The developer of a traditional English tearoom in a historic building on South LaSalle Street said Monday she hopes to have it open by mid-October.
The soft-serve ice cream industry is apparently solid.
That’s how it is for at least one soft-serve distributor, Fox Valley Farms, 2619 Beverly Drive in Aurora.
The company is looking to about double the size of its about 25,000-square-foot facility in the Aurora Corporate Center on Beverly Drive, which is off Bilter Road just east of Farnsworth Avenue.
The center is on land created as part of a flood remediation program years ago that also created a protected wetlands right next door to the corporate center.
Dan Walker, co-owner of Fox Valley Farms, recently told aldermen on the Aurora City Council’s Planning and Development Committee that expansion is necessary because business is so good.
“We’re just out of room,” Walker said. “It’s time.”
He said expansion would be on an empty lot right to the north of the current building. In addition to the new facility, the company would add 28 parking spaces. Walker added that the company currently has 35 employees, and would reach 47 with the expansion.
“So you’re expanding because business is good — that’s good,” said Alderman Carl Franco, 5th Ward, a Planning and Development Committee member.
The committee voted 3-0 to recommend a revision to the final plan and send it along to the council’s Committee of the Whole, with a council vote on the issue scheduled for July 25.
Salvatore Arenella looked around the third floor of his downtown Aurora building at 30 N. Broadway and said he hopes to energy from the past will help inspire its future.
“This third floor was a dance floor once,” Arenella said Monday, smiling and taking a short dance step himself.
His buoyant spirit was due to the fact that he is now able to remodel the old, three-story building into two apartments and a first-floor store space. It’s thanks to a new revolving loan fund put together by a partnership of Invest Aurora, the city’s nonprofit redevelopment corporation; the Dunham Fund, a private foundation; and three local banks.
Officials held a press conference Monday to announce the fund’s formation and Arenella’s building as the first beneficiary.
The fund is designed to provide loan money to owners of older downtown buildings who have been unable to get traditional financing to do remodeling or renovation work.
In many cases, the owners cannot secure money because the cost of remodeling an old building is higher than its value. The revolving loan fund is designed to counter that financial quandary by offering loans at a low-interest rate, with no repayment required for nine months – allowing time for renovations to be done and the owners to find tenants.
In the case of Arenella, who bought 30 N. Broadway in 2012, he was unable to get traditional financing.
“And now it’s 2017, and the building is vacant,” he said.
According to David Hulseberg, Invest Aurora chief executive officer, the new fund will loan Arenella $235,000 for his renovations, which will be interest and payment free for nine months. At that point, a low interest rate will be added, and Arenella will begin paying the money back into the revolving fund, Hulseberg said.
“Basically, I don’t have to pay until the renovation is done, until I have a tenant,” Arenella said.
The Dunham Fund is endowing the revolving fund with $250,000 retroactive to last year, $500,000 this year, and $250,000 in 2018. Three local banks – First Midwest Bank, Old Second National Bank and Aurora Bank & Trust – will each add in $15,000. With the city of Aurora’s contribution, the total amount available will be $1.2 million.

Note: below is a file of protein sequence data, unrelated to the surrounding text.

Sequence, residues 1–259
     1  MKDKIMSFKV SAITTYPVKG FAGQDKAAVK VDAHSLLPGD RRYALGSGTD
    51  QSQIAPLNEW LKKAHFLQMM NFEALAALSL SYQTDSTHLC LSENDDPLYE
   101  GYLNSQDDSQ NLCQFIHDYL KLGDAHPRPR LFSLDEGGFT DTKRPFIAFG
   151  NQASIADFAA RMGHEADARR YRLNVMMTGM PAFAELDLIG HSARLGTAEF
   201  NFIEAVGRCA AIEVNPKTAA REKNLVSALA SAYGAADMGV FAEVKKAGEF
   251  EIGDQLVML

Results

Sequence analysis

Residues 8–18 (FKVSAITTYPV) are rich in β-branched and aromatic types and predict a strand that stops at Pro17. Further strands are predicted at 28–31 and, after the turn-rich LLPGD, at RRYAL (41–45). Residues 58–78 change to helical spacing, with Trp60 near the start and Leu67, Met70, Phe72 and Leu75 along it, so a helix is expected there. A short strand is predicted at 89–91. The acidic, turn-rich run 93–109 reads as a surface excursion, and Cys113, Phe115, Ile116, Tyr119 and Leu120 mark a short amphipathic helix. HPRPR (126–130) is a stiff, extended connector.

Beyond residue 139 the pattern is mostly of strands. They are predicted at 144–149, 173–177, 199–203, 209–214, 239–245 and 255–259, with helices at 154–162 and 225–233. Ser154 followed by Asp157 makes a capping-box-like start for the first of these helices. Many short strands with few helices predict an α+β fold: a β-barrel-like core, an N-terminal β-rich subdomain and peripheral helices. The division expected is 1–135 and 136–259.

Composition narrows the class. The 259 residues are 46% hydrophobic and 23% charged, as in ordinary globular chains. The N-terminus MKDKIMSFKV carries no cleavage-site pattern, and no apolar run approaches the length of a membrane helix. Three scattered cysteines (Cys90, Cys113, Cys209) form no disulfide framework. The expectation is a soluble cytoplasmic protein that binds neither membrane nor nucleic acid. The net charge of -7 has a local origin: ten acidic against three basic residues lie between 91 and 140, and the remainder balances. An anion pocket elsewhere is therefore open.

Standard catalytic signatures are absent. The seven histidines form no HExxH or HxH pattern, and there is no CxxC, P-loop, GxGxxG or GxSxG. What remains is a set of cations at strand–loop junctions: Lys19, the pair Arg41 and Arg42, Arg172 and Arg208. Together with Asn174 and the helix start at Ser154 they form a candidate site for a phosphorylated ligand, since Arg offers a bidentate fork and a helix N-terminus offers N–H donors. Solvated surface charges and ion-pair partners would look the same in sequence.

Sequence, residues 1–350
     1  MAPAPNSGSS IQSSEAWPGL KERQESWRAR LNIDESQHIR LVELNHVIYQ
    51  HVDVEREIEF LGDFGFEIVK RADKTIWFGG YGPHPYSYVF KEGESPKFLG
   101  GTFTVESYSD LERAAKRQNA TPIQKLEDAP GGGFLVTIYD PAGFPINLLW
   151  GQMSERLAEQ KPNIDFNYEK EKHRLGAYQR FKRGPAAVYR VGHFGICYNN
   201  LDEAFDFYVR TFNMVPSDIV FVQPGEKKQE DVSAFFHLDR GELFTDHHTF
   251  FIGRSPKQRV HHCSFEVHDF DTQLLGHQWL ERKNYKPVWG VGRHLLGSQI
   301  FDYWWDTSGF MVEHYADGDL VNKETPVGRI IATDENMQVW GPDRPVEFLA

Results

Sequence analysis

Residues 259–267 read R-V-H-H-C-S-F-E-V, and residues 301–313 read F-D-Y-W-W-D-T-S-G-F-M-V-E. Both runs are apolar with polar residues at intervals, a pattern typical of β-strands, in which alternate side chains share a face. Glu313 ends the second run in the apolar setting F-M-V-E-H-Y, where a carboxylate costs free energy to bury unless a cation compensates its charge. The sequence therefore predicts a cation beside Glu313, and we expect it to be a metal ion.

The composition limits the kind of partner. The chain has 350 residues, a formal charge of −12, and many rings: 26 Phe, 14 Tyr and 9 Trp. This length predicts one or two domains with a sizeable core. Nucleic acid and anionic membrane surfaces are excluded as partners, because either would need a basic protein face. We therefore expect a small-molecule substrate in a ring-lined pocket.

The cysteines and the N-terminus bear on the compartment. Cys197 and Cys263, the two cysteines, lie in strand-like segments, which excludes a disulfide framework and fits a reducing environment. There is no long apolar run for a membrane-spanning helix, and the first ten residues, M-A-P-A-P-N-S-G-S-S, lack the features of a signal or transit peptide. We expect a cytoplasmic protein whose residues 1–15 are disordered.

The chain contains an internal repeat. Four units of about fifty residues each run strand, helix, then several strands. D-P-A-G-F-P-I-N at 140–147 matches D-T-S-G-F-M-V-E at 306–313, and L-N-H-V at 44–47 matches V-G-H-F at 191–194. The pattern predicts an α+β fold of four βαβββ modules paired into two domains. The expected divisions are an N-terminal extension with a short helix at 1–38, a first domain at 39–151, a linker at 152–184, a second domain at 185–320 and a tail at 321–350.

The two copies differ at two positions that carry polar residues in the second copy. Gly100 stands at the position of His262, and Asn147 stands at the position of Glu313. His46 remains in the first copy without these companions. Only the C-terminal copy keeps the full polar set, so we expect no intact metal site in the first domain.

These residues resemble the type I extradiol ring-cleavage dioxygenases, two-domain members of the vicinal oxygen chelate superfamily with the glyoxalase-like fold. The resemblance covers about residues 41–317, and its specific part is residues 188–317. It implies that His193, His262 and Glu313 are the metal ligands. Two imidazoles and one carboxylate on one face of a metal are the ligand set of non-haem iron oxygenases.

“By providing access to economic opportunity, the (fund) allows building owners to create lease-ready spaces in the downtown that will increase business activity, bring additional jobs and revitalize our community,” said Stewart Beach, a Dunham Fund board member.
Hulseberg called the 30 N. Broadway building “a perfect example of a building with good bones” that will increase in value with the renovations. Arenella will have a two-bedroom apartment on the third floor, another apartment on the second floor – both bringing in revenue for him – and a 1,400-square-foot business space on the first floor that once housed Ziegler Music.
In addition to the money, the local banks, as well as the Waubonsee Community College small business development center and the U.S. Small Business Administration’s Women’s Business Development Center will collaborate to provide business plan help for property owners, Hulseberg said.
Invest Aurora estimates that if vacancies are reduced by one-half during the next three years, it will result in 43 new commercial spaces and 130 new jobs, he said.
The fund is looking at deals on LaSalle Street, and the owner of a building on Lake Street is considering applying for a loan, Hulseberg said.
“It’s all business on Prairie Street in Aurora”
– Beacon News Article
In this day and age when smaller businesses come and go and seem to struggle mightily against much bigger competitors, there exists a different place along almost a mile stretch of Prairie Street on Aurora’s West Side.
There are no fewer than 12 small businesses, most on the south side of the street, in a predominantly residential neighborhood.
These ventures have existed in their current locations for an average of almost 40 years. That average business age bumps to 53 years when time spent at previous locations is factored into the equation.
And not surprisingly, many of the concerns are multi-generational family affairs.
Prisco’s Family Market leads the way in total years with 90, 24 at the Prairie address. Andy Guzauskas, the new owner, represents the fourth generation of family ownership. His great grandparents, Anthony and Mary Prisco, founded it in 1926.
The honor for longevity among “Prairie-only” businesses goes to Goding Marathon and owner Mike Goding. His father Bud opened the service station at Terry and Prairie in 1956.